Page 18 - Delta Living Magazine_october2012

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here are many joys of living in
East County: affordable homes,
small town lifestyle, nearby
farms, orchards and the Delta.
But one of the drawbacks is
that the musical entertainment
options are limited. Outside of the various
festivals and summer concert series, there are
just a handful of places to regularly hear live
music year round. Perhaps the two biggest are
Bases Loaded restaurant in Antioch and E.J.
Phair Brewing Company in Pittsburg, which
provide quality rock bands on the weekend.
But if your musical tastes favor softer,
more nuanced music like classical or jazz,
the pickings are even slimmer. The classical
offerings are limited to occasional Contra
Costa Chamber Orchestra concerts at Los
Medanos College and occasional organ
recitals at St. Ignatius Church in Antioch.
The only place to hear live jazz is Scottie’s
Shutters Brasserie restaurant in Brentwood.
That’s where I play piano with the Delta Jazz
Trio every Friday and Saturday from 7 to 9
p.m. Outside of the world famous Yoshi’s jazz
club in Oakland, Scottie’s restaurant is one
of the few venues in the East Bay to hear live
jazz. Although it’s been called America’s only
indigenous art form, jazz has fallen on hard
times in this country, and actually has been
much more popular in Europe and Japan for
half a century.
That wasn’t always the case. The 1920s
were dubbed “The Jazz Age,” and big bands
ruled popular music in the 1930s and ’40s.
They played songs written for Broadway
shows and Hollywood films written by great
songwriters like George and Ira Gershwin,
Richard Rodgers and Lorenz Hart, Cole
Porter, Irving Berlin, Harold Arlen, Hoagy
Carmichael and on and on. Tunes like “As
Time Goes By,” which is featured in the
classic film “Casablanca,” “Somewhere Over
the Rainbow” from “The Wizard of Oz” and
“My Funny Valentine” are still familiar to
many people today.
But jazz took a detour in the late 1940s
with the advent of bebop. This was
instrumental music without hummable
melodies, straightforward harmony was
replaced by complex chord changes, and the
focus was no longer on dancing or singing
but on showing off the virtuosity of soloists.
The audience was no longer front and center
on the dance floor, but now reduced to
passive listening while cool cats blew, some
of them, like Miles Davis, turning their backs
on the audience as they did so.
As a result, most people drifted away,
especially once Elvis and rock took hold in
the mid-’50s. Then after The Beatles’ English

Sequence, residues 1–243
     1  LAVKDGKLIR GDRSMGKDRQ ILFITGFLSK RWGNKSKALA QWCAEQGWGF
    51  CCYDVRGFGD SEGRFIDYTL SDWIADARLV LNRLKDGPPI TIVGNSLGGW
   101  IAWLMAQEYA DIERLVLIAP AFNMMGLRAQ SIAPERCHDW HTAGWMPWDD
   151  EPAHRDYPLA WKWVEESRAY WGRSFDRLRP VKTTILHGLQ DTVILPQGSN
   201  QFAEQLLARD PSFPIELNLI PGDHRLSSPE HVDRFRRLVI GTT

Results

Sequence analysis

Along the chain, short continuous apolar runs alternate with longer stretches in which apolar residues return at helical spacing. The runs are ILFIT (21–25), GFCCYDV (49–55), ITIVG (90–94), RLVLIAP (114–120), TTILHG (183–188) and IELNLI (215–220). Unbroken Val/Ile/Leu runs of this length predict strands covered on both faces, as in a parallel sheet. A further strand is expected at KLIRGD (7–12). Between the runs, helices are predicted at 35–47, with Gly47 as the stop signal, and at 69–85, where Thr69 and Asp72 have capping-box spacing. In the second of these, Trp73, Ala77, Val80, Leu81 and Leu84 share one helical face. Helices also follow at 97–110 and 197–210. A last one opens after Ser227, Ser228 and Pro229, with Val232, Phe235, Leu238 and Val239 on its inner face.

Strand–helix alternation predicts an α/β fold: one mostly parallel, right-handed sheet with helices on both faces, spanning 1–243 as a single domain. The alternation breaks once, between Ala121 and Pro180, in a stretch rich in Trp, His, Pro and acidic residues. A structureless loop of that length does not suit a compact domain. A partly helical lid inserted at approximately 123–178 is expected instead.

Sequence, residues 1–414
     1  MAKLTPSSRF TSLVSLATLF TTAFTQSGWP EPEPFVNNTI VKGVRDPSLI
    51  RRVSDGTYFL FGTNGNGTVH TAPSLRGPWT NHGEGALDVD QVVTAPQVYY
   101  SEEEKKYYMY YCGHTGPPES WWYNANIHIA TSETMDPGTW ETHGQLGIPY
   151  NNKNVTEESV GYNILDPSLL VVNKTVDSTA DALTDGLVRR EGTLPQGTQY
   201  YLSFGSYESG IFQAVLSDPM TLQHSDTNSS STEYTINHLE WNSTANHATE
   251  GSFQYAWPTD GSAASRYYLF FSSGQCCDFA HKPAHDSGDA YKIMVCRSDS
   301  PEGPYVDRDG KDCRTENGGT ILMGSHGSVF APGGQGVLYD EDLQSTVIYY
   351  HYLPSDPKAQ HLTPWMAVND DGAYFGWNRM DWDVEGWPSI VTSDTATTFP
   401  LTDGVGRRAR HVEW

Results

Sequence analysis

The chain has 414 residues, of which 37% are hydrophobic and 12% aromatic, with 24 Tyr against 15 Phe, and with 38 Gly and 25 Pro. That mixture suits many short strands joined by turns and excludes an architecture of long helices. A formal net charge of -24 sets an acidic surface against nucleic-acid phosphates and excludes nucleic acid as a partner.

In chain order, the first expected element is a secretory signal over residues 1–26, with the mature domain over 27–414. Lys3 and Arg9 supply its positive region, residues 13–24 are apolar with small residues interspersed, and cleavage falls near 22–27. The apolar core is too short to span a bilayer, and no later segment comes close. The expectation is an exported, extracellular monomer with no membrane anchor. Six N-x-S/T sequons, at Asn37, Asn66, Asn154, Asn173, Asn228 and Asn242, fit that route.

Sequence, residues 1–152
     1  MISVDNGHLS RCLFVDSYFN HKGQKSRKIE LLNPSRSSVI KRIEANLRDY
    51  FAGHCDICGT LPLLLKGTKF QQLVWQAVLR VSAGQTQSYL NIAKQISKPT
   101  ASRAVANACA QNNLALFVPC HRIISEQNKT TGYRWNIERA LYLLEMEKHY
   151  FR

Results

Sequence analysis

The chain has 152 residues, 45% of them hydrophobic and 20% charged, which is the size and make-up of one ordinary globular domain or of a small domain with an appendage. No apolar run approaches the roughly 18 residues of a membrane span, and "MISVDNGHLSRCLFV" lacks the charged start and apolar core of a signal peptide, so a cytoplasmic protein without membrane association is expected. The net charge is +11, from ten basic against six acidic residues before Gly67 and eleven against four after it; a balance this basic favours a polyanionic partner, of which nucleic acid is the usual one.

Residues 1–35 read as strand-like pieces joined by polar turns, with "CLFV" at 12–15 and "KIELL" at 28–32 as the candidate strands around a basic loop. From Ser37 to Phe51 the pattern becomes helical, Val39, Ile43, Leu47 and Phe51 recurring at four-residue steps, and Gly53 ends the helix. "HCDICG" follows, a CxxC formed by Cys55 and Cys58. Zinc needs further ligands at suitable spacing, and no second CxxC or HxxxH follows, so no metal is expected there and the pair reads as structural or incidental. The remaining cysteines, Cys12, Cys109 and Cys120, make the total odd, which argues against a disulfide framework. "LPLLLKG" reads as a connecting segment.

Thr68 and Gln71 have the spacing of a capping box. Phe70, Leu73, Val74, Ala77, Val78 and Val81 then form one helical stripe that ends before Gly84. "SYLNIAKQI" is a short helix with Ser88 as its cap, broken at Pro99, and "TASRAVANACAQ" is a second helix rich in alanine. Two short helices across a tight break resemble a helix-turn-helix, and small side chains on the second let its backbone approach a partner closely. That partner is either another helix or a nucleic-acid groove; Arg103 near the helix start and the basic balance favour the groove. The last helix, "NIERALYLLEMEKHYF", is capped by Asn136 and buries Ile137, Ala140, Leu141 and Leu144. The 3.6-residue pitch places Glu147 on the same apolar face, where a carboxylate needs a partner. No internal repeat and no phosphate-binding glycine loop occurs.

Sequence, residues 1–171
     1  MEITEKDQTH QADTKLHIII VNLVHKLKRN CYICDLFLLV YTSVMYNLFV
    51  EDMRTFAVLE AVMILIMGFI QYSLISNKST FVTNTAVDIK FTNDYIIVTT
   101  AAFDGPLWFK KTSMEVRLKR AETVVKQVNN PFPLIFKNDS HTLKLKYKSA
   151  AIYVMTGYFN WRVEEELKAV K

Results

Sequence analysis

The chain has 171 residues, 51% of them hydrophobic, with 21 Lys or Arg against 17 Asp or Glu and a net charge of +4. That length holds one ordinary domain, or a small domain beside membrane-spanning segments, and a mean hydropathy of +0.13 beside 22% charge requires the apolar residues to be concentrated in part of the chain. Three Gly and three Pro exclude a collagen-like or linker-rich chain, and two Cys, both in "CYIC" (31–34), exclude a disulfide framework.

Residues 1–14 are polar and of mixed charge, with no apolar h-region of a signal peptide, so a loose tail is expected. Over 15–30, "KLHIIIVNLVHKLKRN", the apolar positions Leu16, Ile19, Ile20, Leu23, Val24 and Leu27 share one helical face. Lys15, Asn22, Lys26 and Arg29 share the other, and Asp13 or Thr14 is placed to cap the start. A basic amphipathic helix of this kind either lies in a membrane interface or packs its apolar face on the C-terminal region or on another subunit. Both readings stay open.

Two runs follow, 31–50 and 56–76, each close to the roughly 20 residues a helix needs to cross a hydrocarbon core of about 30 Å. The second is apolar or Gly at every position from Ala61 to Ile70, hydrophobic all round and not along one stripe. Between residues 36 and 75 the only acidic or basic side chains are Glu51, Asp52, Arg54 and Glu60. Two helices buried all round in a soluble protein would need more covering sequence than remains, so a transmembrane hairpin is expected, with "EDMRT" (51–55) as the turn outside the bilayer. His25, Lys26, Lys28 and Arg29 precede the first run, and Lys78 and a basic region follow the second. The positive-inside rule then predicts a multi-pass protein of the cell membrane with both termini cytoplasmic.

invasion in 1963, it was pretty much all
over for jazz. Many musicians hung up their
horns while others tried to adapt, playing
jazzy versions of pop hits that too often
sounded like elevator music. Although there
was a revival of interest in the ’80s and ’90s,
bringing back some of the jazz legends now
past their prime, jazz never recovered and it
has sunk into a niche music.
As the last of the jazz greats die off, it
seems that jazz itself is following. The
Sacramento Jazz Jubilee, which was once
one of the largest in the country featuring
traditional jazz from the 1920s (also known
as Dixieland), is now the generic Sacramento
Music Festival. Yoshi’s is no longer an
exclusively jazz house, now needing to book
rock, funk, blues and world music acts to
stay alive, particularly in its San Francisco
the Great
location. An exception is the Monterey Jazz
Festival, which appears to still be going strong
after 55 years.
Jazz education has been popular in
community colleges and the Berkeley Jazz
School. But after the students graduate,
there are few places where they can play.
Most musicians can’t even find a part-time
gig anywhere, and fewer than 1 percent are
talented or lucky enough to make a living
playing jazz. The Diana Kralls are quite the
Jazz music will live on, of course, on
records. But recorded music, as great as it is,
has a museum-like aspect about it. For jazz
to really come alive, it must be played and
listened to live.
Which is why Scottie’s Shutters Brasserie
restaurant is so special. Not only does it
serve excellent food (check out the Yelp
reviews), but it’s also a small oasis of jazz in
East County. The Delta Jazz Trio makes no
claim of being one of the great piano-bass-
drum trios, but we enjoy what we do and we
prefer those wonderful tunes from The Great
American Songbook with hummable melodies
and witty, intelligent lyrics.
Come by and check it out sometime.
Scottie’s restaurant is on Sunset Road at
Elkins Way in Brentwood. The website is and you can make
reservations by calling 925-516-4131.
by Dave Roberts
The Delta Jazz Trio (Gary Chulla-drums, Zander Fierros-
bass, Dave Roberts-piano) performing with guest saxa-
phonist Roy Henderson at Trilogy at the Vineyards in
Brentwood. The trio plays every Friday and Saturday night
at Scottie’s Shutters Brasserie restaurant in Brentwood.
“The only place to hear
live jazz is at Scottie’s
Shutters Brasserie in